“We are close to the Jericho Maw Warp Gate on the Jericho Reach side. We met with the ‘Fall of Angels’ here. Out here, the Emperor’s Beacon on Terra is too far off to navigate by it. We’ll make our way to Erioch via several calculated jumps.”
“Ah. That’s why you spoke of the third jump.”
“Well done, captain.”
“Far away from home then”, Titus said.
“Yes”, Vox said after a moment’s hesitation and Titus thought he saw soft compassion creep over his features.
“Back to Veren”, the librarian urged. “Veren is right next to the Tau cluster in the Reach and strategically relevant because it’s quite close to the Mining World Oertha. There’s a Watch Station on Oertha and they always have fun with the Tau when they try to come over. If the xenos take Veren, this will probably cease to be funny. Luckily, there isn’t so much going on on Veren. Most of it is just dead rock and the habitable zones are all quite close together around the equator. Aegis was sent down there at the request of Inquisitor Laraise. She wanted to get hold of a number of artefacts a Tau delegation had gotten their blue digits on. We were to retrieve or destroy them. Back then, we consisted of the three of us you have met, our other three active members, plus Lucian of the Black Consuls and a Black Shield called Markus Leandros.”
“Aegis has three more members?”, Titus asked.
“Yes. The commander conceded to my request to be put on this mission but he required that no more than three of us are bound by it. Actually, he only agreed to three after I told him what I expected Laraise to pull off. I asked Dankwart because I suspected that you would need his aid and Tiberius because he is the best of us when it comes to getting in and out of ships. They did me the honour of following me without question.”
“And Leandros wore the black shield?”
“Certainly”, Vox said. There was a tinge of bitterness in his features. “His captain had told him that he had failed his true test to be a Space Marine. What else was he going to do?”
Titus was surprised. He had indeed said this to Leandros when Thrax had come to claim him for heresy. That there should have been any effect surprised him, however.
“He told you about this? Despite the black shield?”
“Yes. Leandros had talked to Laraise before we went down to Veren and I noticed him suddenly attracting daemons.”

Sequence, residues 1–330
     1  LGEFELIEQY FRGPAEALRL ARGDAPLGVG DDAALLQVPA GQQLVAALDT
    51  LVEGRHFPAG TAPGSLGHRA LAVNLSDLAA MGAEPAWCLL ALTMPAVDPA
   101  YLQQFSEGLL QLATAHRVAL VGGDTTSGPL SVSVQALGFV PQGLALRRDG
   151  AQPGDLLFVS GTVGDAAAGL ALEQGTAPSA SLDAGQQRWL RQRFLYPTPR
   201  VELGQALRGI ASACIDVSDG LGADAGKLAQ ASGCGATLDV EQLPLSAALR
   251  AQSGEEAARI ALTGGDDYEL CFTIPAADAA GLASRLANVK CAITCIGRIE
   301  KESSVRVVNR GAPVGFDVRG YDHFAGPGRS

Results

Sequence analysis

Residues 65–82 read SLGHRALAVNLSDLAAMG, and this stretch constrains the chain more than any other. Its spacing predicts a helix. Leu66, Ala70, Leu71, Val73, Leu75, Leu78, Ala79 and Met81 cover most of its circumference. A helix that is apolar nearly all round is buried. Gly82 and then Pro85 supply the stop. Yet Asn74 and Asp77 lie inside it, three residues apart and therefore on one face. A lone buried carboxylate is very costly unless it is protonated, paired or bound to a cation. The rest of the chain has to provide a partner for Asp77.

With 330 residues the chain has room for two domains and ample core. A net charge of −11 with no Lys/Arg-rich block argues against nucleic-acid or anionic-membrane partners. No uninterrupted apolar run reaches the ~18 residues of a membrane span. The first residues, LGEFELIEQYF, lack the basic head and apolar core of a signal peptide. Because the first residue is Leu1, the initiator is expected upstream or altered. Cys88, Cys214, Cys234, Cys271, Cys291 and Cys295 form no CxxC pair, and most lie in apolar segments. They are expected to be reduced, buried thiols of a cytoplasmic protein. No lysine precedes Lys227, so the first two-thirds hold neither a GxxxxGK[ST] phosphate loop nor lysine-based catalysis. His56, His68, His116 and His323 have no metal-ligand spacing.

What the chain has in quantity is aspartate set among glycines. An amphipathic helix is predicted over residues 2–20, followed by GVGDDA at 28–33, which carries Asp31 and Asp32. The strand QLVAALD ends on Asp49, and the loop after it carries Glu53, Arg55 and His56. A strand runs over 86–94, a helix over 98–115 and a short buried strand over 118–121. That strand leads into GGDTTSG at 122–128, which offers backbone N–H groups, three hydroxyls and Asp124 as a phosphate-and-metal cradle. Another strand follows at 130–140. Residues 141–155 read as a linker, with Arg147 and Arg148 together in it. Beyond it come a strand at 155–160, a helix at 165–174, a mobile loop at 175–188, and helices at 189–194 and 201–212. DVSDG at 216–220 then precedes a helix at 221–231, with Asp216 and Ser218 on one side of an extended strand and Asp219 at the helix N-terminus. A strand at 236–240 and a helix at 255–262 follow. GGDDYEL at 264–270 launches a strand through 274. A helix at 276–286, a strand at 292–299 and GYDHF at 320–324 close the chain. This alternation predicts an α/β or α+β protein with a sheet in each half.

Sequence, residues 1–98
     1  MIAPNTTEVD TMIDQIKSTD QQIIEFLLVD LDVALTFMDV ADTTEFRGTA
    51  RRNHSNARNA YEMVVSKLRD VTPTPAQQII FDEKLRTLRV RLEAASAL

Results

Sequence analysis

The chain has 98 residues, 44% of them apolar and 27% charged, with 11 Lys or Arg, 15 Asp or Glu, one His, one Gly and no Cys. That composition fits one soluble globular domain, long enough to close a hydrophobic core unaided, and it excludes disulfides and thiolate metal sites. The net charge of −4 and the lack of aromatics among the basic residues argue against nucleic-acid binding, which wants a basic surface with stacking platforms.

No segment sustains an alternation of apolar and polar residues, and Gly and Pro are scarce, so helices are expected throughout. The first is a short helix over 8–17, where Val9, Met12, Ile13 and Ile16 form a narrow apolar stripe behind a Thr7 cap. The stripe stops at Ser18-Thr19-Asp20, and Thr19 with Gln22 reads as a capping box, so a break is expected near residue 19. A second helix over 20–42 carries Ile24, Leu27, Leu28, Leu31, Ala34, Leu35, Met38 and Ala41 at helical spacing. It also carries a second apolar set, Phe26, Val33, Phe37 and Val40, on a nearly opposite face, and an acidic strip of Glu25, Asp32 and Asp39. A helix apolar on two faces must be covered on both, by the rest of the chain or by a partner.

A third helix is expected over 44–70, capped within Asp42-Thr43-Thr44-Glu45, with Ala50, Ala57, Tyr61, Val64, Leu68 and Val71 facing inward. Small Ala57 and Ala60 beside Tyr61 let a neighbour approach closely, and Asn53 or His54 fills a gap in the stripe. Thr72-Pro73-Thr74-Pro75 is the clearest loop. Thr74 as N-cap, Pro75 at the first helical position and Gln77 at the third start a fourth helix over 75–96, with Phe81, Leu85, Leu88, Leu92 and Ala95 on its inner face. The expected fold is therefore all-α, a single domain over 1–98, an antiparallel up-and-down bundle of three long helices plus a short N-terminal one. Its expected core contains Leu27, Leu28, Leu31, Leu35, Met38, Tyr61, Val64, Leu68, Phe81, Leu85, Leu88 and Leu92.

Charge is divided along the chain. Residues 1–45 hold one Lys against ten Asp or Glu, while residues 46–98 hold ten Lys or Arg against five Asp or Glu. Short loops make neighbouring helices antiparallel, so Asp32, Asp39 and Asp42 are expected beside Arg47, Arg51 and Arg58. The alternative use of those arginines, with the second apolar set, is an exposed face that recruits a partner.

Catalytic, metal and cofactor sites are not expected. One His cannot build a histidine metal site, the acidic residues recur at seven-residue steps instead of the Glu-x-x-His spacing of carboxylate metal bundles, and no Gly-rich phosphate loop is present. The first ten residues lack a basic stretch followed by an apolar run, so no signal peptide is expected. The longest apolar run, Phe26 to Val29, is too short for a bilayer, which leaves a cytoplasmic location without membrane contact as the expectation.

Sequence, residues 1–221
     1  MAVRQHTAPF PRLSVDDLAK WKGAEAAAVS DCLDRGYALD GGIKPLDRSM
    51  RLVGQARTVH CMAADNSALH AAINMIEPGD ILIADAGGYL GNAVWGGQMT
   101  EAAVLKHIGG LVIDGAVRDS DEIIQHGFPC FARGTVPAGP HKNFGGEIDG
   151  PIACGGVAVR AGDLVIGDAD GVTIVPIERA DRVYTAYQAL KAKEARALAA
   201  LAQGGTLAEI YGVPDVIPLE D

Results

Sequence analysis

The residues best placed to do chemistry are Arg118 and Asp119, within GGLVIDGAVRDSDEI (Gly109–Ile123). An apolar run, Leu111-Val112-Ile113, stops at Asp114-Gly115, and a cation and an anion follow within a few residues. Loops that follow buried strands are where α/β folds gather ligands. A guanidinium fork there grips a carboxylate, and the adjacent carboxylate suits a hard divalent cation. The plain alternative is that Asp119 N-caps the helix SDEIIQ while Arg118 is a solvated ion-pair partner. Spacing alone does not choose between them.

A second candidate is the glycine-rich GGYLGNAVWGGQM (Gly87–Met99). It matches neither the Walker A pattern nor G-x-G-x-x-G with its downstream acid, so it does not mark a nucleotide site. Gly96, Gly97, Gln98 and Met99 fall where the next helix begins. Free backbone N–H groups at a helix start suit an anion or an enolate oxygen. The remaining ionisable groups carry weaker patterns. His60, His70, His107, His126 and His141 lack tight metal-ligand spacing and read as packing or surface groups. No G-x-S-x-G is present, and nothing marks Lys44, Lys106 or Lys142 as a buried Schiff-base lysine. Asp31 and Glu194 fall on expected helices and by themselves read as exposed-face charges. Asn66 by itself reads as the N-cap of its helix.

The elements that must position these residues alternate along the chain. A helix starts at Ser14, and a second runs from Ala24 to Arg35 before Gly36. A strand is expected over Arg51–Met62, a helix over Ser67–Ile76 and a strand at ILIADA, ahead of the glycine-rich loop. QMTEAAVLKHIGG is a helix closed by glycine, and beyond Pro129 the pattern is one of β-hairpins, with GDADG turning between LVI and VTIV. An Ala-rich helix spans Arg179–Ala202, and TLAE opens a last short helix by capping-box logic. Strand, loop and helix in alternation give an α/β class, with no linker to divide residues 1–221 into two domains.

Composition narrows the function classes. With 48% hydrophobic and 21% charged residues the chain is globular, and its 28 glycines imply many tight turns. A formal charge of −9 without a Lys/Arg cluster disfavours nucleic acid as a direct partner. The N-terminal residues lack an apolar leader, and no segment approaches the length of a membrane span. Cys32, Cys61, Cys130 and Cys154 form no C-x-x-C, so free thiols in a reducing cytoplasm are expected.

Wild anger flared in Titus’ face. “He was corrupted?”
Vox lifted a conciliatory hand. “Calm yourself”, he said placatingly. “Let me explain. Daemons feed off emotions. When emotions become severe enough, the daemons can creep into the mind and start to alter the behaviour. That is what we call corruption. Leandros was only just attracting them, he wasn’t corrupted yet. Although I have to admit that he was about to take the quickest route to hell I’ve ever seen. Lucian led us back then and he decided on going down in a storm raven instead of a drop pod. We got hit and had to jump while Tiberius brought the ship down.”
“A bad call, then”, Titus estimated.
“In hindsight, I don’t think so”, Vox said slowly. “The damage wasn’t that bad. Tiberius was able to repair it and this way we found out that the Tau were monitoring our communications. Lucian could order us radio-silent and we made it to the ground in one piece each with the xenos losing track of us. We, on the other hand, had coordinates for a Tau fort in the forest where we could regroup. Things might have looked different in a stricken drop pod.”
“Alright. A lucky call then.”
“Can’t say for sure”, Vox said with a shrug. “Lucian was higher-than-average with his luck. As you might have noticed, I have extensive assault training and went down with a jump pack instead of the parachutes the others used. Thus, I was able to follow Lucian who acceded to my request to go and see to Leandros.”
Titus thought for a moment. Vox seemed to spot this and gave him time for a comment. “Another thing I’d have decided differently”, he said.
Again Vox shrugged. “Why?”, he asked, looking around the room. “We were scattered over quite a large terrain, had no means of communication, no time to spare for a brother running amok and if things went badly, at least only I would be lost.”
“Lucian and you were great friends, weren’t you?”, Titus asked sarcastically.
Like on the ‘Fall of Angels’ Vox just let this slide off him and answered earnestly: “’Friend’ implies liking. I’m not sure how it was with that between us but, as his specialist for matters of the warp and general craziness, Lucian trusted my word enough to send me off into the forest alone to maybe kill a brother. When I left him, I suggested to shoot Leandros on sight, should he turn up alone. I’m quite certain that he would have done so.”
“But, since you are sitting here, I suppose it was your finger on the trigger.”
“You underestimate me, captain”, the librarian said with a faint smugness in his features. “I found Leandros and talked him away from the things.”
“You were able to ‘talk’ him away from daemons?”, Titus asked, making no attempt to hide his disbelief.
“Sure”, Vox replied unfazed. “It’s a straightforward technique. Although it’s a lot more dangerous than it sounds. I had to change his emotional state and I had to do it against the daemons already trying to amplify it.”
“How did you manage that?”, Titus demanded.
“Hard to explain”, the young man said, looking away for a moment before he sought out his gaze again. “I started by making him tell me what was going on. I got out of him what had happened on Graia and that he had word from you via Laraise. He still proved difficult though. I only got him stable when I promised him that we would get you out. Well. Leandros died during the mission but, afterwards, I talked to Laraise and learned that she had found irregularities in Thrax’s reports. She already wanted to go after him but hadn’t gotten the relevant information out of Leandros. Emperor knows how she found out about his connection to the story at all. Makes you doubt the black shield. Anyway. We joined forces. I found proof and she got a hold of the traitor.”
Vox watched Titus’ frozen features carefully. The captain found no words. General craziness really seemed to be Vox’s forte. Anyone else would have shot Leandros on sight and Titus would have died in his cell. Crippled and humiliated.